If you, like me, grew up with“The Wonderful World of Disney” appearing on the TV on Sunday night, you’ll remember the Davy Crockett (aka Fess Parker) episodes. I remember as a little kid the opening episode in which Davy and his friend George Russel (aka Buddy Ebson, aka Jed Clampett) were scouting for hostile Indians in a swampy region. Along the way, Davy has to fight a bear and kills it using just his knife. He also fights an Indian chief to save Russel’s life. My memory is that at the end Davy’s boss Andrew Jackson arrives with the army and captures all the hostile Indians in what I now know was a highly sanitized version of the Battle of Horseshoe Bend. Of course, if you are younger and grew up on the Disney Channel and Nickelodean, than you grew up with the same TV shows that I watched, it is just that for you they were retro while for me they were cutting edge.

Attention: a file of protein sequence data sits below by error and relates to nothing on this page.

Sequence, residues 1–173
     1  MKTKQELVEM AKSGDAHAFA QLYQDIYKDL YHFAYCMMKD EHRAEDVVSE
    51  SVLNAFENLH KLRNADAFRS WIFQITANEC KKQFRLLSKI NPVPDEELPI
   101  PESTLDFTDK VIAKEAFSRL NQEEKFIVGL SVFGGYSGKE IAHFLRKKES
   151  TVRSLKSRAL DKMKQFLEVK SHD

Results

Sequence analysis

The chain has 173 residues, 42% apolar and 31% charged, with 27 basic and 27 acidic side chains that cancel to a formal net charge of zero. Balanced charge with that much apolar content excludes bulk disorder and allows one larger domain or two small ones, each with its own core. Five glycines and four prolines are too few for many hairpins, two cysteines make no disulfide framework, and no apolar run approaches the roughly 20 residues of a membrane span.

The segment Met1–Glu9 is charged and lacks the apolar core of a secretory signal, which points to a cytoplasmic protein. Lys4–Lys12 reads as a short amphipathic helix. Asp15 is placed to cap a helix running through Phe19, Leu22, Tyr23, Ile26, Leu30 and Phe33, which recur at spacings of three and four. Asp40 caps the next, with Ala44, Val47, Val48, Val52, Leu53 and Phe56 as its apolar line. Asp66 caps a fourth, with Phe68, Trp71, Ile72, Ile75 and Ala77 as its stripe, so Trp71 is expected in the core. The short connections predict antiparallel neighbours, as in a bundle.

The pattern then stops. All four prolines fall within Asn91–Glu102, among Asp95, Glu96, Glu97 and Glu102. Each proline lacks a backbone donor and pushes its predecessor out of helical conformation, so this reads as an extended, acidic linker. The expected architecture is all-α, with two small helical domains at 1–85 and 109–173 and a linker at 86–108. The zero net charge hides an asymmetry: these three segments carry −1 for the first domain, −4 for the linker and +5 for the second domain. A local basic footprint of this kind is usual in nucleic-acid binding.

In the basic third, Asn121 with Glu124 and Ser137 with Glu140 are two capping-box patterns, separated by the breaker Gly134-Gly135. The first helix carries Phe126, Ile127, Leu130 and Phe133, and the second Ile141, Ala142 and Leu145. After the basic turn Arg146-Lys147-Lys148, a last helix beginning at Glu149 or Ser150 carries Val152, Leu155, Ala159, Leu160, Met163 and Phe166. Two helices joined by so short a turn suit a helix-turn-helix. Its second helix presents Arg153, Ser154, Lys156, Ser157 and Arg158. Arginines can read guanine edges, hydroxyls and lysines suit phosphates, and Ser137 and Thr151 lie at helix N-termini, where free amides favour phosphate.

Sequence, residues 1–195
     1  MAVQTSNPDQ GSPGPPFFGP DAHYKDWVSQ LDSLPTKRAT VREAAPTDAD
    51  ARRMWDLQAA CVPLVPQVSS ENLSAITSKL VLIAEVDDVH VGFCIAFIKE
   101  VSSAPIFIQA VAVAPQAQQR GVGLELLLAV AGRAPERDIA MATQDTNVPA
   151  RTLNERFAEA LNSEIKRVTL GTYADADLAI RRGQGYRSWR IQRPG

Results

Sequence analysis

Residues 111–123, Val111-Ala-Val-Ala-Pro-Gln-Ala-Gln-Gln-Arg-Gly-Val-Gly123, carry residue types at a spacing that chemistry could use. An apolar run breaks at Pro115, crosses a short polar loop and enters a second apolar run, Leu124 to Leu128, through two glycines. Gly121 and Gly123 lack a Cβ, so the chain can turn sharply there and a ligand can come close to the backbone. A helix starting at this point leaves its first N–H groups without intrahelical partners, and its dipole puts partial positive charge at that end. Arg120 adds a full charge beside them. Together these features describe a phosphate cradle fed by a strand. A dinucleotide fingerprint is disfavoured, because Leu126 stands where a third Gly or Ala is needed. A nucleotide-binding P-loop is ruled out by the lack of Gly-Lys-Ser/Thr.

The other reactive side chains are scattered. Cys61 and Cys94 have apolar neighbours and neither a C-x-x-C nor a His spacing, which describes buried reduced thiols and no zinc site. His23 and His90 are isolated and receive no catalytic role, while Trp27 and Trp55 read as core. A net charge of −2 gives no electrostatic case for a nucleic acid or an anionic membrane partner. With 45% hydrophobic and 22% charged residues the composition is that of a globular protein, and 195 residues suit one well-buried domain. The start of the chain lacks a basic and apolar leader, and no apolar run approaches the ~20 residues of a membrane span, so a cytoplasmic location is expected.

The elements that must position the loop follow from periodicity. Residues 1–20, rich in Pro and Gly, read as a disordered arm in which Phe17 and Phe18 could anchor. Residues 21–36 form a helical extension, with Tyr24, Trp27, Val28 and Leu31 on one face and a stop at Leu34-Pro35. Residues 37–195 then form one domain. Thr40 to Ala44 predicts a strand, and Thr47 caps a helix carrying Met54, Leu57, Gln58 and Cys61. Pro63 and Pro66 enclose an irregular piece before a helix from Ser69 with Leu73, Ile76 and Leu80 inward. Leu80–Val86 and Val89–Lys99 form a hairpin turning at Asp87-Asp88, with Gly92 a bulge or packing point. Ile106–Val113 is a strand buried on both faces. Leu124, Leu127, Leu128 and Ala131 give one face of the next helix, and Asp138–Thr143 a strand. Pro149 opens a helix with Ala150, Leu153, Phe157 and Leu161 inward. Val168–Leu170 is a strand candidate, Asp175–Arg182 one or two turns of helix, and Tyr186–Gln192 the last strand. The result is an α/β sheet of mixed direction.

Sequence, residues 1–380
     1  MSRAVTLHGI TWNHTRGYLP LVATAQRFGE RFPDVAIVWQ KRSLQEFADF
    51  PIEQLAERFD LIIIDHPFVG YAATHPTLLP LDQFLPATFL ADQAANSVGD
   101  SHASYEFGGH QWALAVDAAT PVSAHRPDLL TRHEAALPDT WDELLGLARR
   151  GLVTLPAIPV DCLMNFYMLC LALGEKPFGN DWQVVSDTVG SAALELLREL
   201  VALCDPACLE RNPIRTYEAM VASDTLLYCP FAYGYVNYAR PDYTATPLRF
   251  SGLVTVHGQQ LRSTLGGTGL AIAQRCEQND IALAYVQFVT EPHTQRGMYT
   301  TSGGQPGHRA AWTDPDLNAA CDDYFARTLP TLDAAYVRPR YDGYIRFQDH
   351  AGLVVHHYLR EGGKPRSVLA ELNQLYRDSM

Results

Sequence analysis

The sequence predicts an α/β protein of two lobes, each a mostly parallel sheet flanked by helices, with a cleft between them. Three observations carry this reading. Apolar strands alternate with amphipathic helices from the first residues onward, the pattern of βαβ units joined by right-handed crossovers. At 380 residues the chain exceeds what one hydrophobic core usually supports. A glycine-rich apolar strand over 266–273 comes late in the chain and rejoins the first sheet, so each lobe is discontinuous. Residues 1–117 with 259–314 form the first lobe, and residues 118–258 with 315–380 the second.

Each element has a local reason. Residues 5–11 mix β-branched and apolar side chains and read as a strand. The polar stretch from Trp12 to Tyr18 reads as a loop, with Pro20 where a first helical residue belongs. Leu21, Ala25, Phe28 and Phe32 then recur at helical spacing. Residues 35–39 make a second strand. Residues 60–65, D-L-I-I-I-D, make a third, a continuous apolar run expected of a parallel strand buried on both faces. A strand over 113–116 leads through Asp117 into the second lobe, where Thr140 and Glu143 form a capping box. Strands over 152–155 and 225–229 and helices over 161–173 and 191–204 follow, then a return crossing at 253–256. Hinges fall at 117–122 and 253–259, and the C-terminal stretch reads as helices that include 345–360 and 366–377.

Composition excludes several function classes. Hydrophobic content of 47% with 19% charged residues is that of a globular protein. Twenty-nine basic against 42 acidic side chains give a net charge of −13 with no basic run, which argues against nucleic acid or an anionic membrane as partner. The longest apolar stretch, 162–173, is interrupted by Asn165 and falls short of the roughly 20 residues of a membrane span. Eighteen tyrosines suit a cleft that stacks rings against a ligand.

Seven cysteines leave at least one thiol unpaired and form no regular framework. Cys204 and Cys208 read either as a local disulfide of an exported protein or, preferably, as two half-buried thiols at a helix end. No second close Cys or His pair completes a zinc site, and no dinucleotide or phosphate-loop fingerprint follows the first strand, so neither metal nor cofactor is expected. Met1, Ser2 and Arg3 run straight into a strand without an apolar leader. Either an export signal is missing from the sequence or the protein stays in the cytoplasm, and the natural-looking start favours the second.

By Saralyn Mitchell
My job is to complement the excellent academic education our students receive and ensure they are prepared to be successful in the world of work at the local, state and national levels. We start with useful, practical knowledge that results in excellent resumes, impressive interviewing skills, a good elevator speech, and solid networking skills. There is a growing need for us to spend more time on networking. Our students need to understand the importance of networking in the employment process, what that means and how you do it. Then we need to provide firsthand opportunities where they can practice.
By Ron Fritze
These days, people tend to go on the internet to get answers to their questions. I know that I do. That said, I still have and use a big collection of reference books. One reason is that a standard reference book will be more reliable than some of the internet sites (although I think Wikipedia is generally quite reliable). Another reason is that for some purposes, a reference book can be just as easy to use, or even easier than an online source. That is certainly the case for dictionaries. But there is another reason for checking out many ink and paper works of reference—they are fun to browse. Well, maybe not for everyone, but they are fun for me and I am not alone.